It’s a multi-sensory experience. After one recent concert, Harry Hockheiser, of Squirrel Hill, explained how he enjoyed the combination of mediums.

Heiko DeWees

Andrew Carnegie had a personal bagpipe player on his payroll and the university that bears his name shows its Scottish roots through its signature green and red tartan plaid and mascot, Scotty

Those are not the only ways Carnegie Mellon University upholds its Scottish heritage. Tucked deep in the halls of CMU’s University Center is a small room packed with bagpipes and drums. It’s where Andrew Carlisle has had his office for the last seven years.

Pittsburgh Symphony Orchestra

Jane Lynch is, perhaps, best known for her role as the mouthy coach Sue Sylvester on the television show Glee. Now she is going live - performing a new show that, so far, has only been heard once. 

Philadelphia's Music Legacy Is Vast But Hard To Find

May 30, 2017
Matt Rourke / AP

Detroit has the Motown Museum. Mississippi has a blues trail. Memphis has Graceland, Sun Studio and the Stax Museum of American Soul.

But in Philadelphia — birthplace of the lush acoustic style known as The Sound of Philadelphia and the hometown of "American Bandstand" and Chubby Checker's "Twist" — there's no major place of pilgrimage for music fans.

"Tourists come here expecting and hoping to experience our music legacy, and we leave them wanting," said Patty Wilson Aden, president of The African American Museum.

A diverse musical legacy

Sarah Kovash / 90.5 WESA

90.5 WESA’s sister station WYEP held a competition for the worst song ever this week.

Listeners submitted their least favorite tunes, which the station pared down to 20 finalist.  90.5 WESA’s Sarah Kovash talked to WYEP’s Director of Content and Programming, Mike Sauter, about what makes a bad song and the five most hated tunes.

Their conversation has been edited for length and clarity. 

SARAH KOVASH: Now, were you surprised by some of these submissions?

the Afro American Music Institute

On a recent Saturday afternoon, Howard Alexander instructed a group of young musicians at the Afro American Music Institute in Homewood.

As a Xylophone gently clinked in the background, one of the center’s founders, James Johnson, touted some of the accomplishments of former students.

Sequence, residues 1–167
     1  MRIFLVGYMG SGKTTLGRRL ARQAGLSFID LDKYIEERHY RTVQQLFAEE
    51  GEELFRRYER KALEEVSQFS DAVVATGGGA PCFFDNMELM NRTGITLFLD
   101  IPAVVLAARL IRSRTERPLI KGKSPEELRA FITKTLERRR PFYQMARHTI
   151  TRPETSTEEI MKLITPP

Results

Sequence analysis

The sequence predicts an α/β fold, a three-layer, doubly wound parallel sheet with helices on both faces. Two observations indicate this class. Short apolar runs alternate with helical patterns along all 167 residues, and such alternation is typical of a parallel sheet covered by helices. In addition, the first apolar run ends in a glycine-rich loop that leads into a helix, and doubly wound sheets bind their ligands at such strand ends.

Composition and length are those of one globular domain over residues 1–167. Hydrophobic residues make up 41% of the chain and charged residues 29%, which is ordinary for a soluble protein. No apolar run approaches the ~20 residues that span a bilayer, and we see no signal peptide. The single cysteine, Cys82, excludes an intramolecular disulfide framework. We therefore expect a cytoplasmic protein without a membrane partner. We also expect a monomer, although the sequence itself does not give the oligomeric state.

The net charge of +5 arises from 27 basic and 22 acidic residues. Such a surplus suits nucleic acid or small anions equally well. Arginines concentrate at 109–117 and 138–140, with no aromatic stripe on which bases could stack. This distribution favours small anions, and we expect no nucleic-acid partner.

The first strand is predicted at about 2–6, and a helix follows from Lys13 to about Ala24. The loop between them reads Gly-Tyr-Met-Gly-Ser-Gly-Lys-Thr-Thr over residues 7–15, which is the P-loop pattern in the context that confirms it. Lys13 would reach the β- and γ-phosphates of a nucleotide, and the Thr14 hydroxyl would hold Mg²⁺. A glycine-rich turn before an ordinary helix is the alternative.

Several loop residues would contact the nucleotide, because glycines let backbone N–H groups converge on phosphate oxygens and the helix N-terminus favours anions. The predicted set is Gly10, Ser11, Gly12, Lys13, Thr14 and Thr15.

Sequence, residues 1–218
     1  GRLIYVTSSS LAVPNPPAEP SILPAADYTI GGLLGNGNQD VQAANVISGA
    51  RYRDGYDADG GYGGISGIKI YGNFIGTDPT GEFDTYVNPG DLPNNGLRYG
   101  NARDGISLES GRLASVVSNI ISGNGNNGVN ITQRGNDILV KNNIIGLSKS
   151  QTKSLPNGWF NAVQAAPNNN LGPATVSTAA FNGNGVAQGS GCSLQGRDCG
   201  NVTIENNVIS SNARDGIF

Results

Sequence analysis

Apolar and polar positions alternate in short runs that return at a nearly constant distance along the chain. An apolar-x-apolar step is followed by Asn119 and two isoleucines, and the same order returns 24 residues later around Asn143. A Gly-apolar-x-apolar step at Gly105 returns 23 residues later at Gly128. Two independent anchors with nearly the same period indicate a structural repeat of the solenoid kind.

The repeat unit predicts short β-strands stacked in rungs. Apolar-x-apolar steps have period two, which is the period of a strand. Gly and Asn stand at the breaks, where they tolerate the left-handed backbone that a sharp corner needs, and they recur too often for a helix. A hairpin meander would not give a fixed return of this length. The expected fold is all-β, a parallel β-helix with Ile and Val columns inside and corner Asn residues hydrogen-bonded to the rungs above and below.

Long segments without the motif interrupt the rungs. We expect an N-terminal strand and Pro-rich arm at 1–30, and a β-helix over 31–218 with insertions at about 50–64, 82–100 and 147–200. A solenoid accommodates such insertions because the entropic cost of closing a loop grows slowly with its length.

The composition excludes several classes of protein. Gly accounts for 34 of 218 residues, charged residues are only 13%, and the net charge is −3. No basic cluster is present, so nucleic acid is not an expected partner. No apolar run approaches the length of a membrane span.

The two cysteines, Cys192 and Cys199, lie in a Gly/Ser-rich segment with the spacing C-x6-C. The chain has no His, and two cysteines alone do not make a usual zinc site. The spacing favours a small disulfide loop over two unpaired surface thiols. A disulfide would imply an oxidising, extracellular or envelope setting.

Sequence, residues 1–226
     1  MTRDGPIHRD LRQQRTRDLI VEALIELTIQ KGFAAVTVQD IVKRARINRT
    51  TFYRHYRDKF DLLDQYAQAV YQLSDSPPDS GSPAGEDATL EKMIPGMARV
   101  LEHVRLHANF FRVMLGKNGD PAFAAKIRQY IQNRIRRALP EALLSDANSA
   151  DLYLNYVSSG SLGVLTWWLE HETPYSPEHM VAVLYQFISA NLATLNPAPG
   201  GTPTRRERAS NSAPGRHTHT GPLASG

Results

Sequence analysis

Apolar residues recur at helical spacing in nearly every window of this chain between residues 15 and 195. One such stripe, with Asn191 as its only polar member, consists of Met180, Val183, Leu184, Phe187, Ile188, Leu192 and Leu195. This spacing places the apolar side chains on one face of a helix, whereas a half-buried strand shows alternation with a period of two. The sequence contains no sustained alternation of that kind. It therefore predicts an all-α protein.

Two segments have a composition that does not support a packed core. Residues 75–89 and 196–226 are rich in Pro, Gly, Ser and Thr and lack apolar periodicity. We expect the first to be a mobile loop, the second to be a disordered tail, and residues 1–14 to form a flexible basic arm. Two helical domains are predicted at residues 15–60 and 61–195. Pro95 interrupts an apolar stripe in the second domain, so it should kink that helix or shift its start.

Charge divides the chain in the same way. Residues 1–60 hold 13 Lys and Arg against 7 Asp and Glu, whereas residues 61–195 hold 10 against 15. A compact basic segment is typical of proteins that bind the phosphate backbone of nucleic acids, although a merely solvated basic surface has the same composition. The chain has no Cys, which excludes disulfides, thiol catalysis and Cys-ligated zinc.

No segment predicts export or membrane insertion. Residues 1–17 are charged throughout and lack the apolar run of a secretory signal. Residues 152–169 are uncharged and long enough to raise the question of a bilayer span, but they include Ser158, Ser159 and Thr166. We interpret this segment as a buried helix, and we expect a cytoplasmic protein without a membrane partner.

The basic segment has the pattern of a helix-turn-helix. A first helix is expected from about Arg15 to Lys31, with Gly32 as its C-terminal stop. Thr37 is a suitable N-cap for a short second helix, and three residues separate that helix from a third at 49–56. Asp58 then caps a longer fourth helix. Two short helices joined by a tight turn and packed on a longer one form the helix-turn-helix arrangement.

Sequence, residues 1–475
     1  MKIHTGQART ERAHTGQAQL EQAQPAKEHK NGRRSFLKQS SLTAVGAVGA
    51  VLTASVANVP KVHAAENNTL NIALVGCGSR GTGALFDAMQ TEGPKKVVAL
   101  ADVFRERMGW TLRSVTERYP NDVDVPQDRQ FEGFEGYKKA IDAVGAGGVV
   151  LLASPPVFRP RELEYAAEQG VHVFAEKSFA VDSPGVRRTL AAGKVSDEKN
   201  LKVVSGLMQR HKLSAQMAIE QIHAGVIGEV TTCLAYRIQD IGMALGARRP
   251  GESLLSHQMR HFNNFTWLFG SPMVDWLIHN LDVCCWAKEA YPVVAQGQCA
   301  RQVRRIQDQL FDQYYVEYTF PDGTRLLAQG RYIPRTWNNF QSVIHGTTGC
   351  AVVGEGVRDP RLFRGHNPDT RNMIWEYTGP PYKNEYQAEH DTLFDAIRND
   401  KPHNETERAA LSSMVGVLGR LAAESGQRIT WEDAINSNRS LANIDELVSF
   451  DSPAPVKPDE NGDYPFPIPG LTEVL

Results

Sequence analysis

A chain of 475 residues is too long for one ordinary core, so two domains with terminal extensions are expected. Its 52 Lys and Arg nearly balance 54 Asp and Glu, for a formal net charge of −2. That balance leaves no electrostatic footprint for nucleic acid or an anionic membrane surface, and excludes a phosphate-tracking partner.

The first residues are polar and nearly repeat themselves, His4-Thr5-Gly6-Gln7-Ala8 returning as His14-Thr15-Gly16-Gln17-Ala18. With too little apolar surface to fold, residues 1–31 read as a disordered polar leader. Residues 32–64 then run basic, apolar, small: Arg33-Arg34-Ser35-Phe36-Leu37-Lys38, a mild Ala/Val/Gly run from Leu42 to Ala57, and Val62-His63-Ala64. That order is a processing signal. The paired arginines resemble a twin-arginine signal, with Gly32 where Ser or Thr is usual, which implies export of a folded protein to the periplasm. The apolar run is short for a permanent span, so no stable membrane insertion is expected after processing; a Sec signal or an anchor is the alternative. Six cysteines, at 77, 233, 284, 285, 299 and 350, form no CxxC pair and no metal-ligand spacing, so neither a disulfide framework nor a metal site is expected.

“The young lady on piano just got a scholarship to go to Duquesne,” he said. “We’ve sent them to Berkeley, the University of Pittsburgh, and they do well.”

Megan Harris / 90.5 WESA

Two part-time workers stood on either side of a T-shaped conveyer belt as 61-year-old Joe Spaniol moved down its twin trunks, trading full boxes with empty ones when its contents started to overflow.

Virginia Alvino Young / 90.5 WESA

Albert and Jen Wolf love the sound of their daughters practicing their instruments at home, but that wasn’t always the case.

“When they first begin, it’s a lot of very unusual sounds and you’re not sure what’s coming out of that instrument,” Jen Wolf said. 

Megan Harris / 90.5 WESA

The musicians of the Pittsburgh Symphony Orchestra ended their strike Wednesday.

After months of tense negotiations, musicians and management agreed to a new five-year contract, which calls for a 10.5 percent salary cut in the first year. 

Classical music observers say we're living in a golden age of string quartets. It's hard to disagree when you hear the vibrant young players in New York's Attacca Quartet.

I wasn't alone in patiently waiting for new music from John Paul White. His singing and songwriting as half of The Civil Wars was heartfelt and beautiful. This summer, a new album finally came, and Beulah was a quietly understated gem. This is tender Southern music without drawl or pretense, and I love it.

Adam Torres' voice makes Pearls To Swine a constant listen for me. It's high and lonesome, but more frail than the voices of the bluegrass pioneers who defined that sound, like Ralph Stanley. Besides, Torres isn't a country singer or a folksinger so much as an atmospheric storyteller.

Ta-ku & Wafia: Tiny Desk Concert

Nov 7, 2016

The chemistry between Australian singer-producer Ta-ku and his fellow Aussie singer-songwriter Wafia becomes apparent the instant you hear their voices intertwined in song. On their first collaborative EP, (m)edian, they draw on their individual experiences to touch on subjects like compromise in relationships as they trade verses and harmonize over hollow melodies.

Calling themselves "an accidental brass quartet," the members of The Westerlies, like the prevailing winds, blew east to New York from their hometown of Seattle, where they were childhood friends.

My first experience seeing Joseph was in 2014 as an opening act in New York City. It was just the twins Meegan and Allison Closner and their older sister, Natalie Closner, and it was clear then they had something special. Over these two years, Joseph's sound has grown beyond the Closners' harmonies. Now, you're likely to see them with a band or hear songs from their latest record, which is filled with sounds far beyond voice and acoustic guitar.